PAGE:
September 19, 2021 9:40:14 pm
By Zainab Shah
At a wedding function in Lahore, Pakistan, shimmering fabrics, bright colors, maximalist jewelry and glittering makeup form a dazzling display of aesthetic maximalism. Old grudges are set aside or permanently forgotten in favor of love and blessings. Everyone knows newlyweds will need both, and so everyone is invited — and fed.
The food served is a point of pride for the hosts. This is perhaps why chicken steam roast is almost always included as a main dish. So ubiquitous is its presence that it has come to be known as shadiyon wala steam roast — shadiyon wala means “of the weddings” in Urdu — and it may just be the best thing about a Lahori wedding after the bride.
The night before the function, or while elaborate tents are being assembled and chandeliers hung, chickens are quartered, scored and marinated in yogurt, ginger, garlic and spices (red chile, turmeric and cumin, with some variations). Large chicken pieces are slowly cooked in a heavy daig, a pomegranate-shaped metal pot the size of a large cauldron.
A night of marinating and then a couple of hours of slow steaming in the daig steeps the chicken with hefty, warm flavors from the spices and citrusy freshness from coriander, another seed common in desi cooking. A weight is placed on the lid of the daig so nothing is lost, not even a little bit of steam. The result: tender, succulent, delicately but thoroughly spiced meat that falls off the bone, making it easy to eat.
Steam roast chicken’s endurance is a testament to its affordability and popularity. Perhaps this is why home cooks across Pakistan have found ways to replicate this tender, juicy, crowd-pleasing chicken. The key: using a deep stockpot placed on top of a tawa (a thin flat metal pan used for making rotis) to temper the heat long enough for the chicken to cook in its own juices and in the steam that accumulates in the pot. The tawa is a surefire way of preventing the skinless chicken from sticking to the pot or burning during the hourlong steaming process.
This recipe comes from my attempts at re-creating the steam roasts I grew up eating at the home of my phopho, a paternal aunt. The first few tries were a real test of my patience and faith. More times than I care to admit, I’d open the stockpot too soon just to make sure the chicken was OK, whatever that meant. A cloud of steam would escape in a puff, the pot cooling dramatically, and the chicken would take much longer to cook and was almost always overdone.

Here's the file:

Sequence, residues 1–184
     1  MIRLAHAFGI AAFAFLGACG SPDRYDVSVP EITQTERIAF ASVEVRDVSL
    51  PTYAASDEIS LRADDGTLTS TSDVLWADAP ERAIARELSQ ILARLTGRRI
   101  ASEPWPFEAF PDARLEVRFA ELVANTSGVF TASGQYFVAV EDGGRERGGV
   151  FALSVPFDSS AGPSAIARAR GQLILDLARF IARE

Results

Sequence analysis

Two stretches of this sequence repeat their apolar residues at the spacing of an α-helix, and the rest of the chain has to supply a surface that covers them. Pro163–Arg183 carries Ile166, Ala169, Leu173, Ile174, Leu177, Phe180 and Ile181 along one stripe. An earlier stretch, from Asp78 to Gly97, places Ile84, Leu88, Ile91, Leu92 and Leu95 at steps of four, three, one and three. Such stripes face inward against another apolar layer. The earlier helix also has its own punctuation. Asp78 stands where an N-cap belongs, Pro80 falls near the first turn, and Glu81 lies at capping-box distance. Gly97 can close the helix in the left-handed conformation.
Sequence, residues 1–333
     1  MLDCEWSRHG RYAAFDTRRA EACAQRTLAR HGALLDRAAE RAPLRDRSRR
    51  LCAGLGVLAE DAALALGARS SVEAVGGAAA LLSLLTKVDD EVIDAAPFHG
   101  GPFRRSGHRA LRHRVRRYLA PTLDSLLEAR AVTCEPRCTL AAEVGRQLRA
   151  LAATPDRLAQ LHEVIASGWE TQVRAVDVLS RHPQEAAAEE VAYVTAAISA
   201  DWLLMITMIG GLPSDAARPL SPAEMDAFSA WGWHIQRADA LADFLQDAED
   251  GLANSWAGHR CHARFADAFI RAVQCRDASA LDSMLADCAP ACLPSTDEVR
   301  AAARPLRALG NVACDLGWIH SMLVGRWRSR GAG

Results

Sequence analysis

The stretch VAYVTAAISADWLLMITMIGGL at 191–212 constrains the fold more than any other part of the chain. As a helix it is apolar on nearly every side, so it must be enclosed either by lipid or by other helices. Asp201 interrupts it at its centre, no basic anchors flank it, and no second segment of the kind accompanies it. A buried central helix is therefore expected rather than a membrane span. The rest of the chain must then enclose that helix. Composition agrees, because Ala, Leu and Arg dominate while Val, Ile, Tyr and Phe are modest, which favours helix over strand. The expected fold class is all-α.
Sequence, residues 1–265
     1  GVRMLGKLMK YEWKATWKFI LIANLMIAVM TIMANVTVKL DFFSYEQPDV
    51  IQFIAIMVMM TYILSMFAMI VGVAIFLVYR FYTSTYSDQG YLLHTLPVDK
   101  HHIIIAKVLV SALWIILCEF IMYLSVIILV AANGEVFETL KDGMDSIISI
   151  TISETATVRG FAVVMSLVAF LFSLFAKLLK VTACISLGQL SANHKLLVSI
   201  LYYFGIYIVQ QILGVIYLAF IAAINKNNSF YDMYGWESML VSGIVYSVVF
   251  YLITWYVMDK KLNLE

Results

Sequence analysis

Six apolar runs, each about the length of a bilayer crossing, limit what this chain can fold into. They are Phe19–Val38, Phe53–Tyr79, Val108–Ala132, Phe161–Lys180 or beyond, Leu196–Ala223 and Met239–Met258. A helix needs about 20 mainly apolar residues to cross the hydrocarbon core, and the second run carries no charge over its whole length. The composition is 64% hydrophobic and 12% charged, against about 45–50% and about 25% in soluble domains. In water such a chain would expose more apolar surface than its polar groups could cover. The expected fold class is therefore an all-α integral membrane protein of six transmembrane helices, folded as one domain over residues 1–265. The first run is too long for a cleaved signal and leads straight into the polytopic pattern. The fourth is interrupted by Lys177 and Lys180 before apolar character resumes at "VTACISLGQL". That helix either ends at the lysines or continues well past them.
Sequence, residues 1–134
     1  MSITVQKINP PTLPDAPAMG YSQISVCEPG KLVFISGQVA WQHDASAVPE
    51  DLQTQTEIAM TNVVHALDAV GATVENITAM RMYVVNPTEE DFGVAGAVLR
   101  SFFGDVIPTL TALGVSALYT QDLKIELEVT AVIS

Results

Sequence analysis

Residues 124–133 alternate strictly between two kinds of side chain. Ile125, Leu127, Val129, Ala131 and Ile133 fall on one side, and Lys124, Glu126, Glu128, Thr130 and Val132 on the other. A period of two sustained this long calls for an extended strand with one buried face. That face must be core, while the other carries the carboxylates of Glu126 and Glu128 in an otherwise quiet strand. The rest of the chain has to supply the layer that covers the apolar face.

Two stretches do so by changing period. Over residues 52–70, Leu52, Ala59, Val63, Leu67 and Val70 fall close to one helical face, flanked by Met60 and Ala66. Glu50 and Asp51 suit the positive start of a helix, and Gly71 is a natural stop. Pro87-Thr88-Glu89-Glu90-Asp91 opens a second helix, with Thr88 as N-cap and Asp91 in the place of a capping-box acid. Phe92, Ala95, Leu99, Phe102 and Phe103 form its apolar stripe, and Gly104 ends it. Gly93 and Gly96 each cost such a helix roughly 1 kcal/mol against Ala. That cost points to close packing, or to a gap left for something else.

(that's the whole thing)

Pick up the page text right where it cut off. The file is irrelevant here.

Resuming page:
Then I remembered what my phopho did: While the chicken was steaming, she would peel and mandolin potatoes to fry up crispy round chips, puttering and chatting, completely engrossed in whatever it was she was talking about, almost as if nothing were on the stove. I looked away from the direct contact the low flame from my burner was making with the stockpot and put some faith in the process. It worked.
Chicken Steam Roast
Yield: 4 to 6 servings
Total time: 1 hour, plus at least 2 hours of marinating
- 1/4 cup full-fat Greek yogurt
- 1/2 teaspoon paprika
- 1 teaspoon ground coriander
- 2 teaspoons ground cumin
- 1/2 teaspoon ground turmeric
- 2 teaspoons ground red chile
- 1 teaspoon ginger paste or finely grated fresh peeled ginger
- 1 teaspoon garlic paste or finely grated fresh garlic
- 6 to 8 Thai green chiles, stemmed and chopped
- 1/2 teaspoon fine sea salt
- 6 bone-in chicken legs (3 to 4 pounds), skin removed, meat scored to the bone
- Ghee or neutral oil, for cooking
- Chopped cilantro, chile flakes, mint chutney and lemon wedges, for serving
1. Mix the yogurt, spices, ginger paste, garlic paste, chopped green chiles and salt in a large bowl to make a pasty marinade. Add the chicken and thoroughly rub the marinade into the meat. Cover and refrigerate for at least 2 hours or up to overnight.
2. Place a tawa, griddle or comal on the stove if you have one, and center a large stock pot or Dutch oven on top of it. Otherwise, place the pot directly on the stove. The stock pot or Dutch oven should be large enough to hold the chicken pieces in a single layer and deep enough to gather steam. Add enough ghee to coat the bottom of the pot, then add the chicken in one layer, meatier side down. Cover and cook on medium for 10 minutes.
3. Turn the heat to the lowest setting and continue cooking for another 20 minutes. Flip the chicken and continue cooking, covered, for another 30 minutes. Remove the lid. Cook on medium until the water from the pot has mostly evaporated, 10 to 12 minutes. Transfer the chicken to a serving platter and pour any juices from the pot over the chicken. Garnish with cilantro and chile flakes and serve with chutney and lemon wedges for squeezing.
This article originally appeared in The New York Times.
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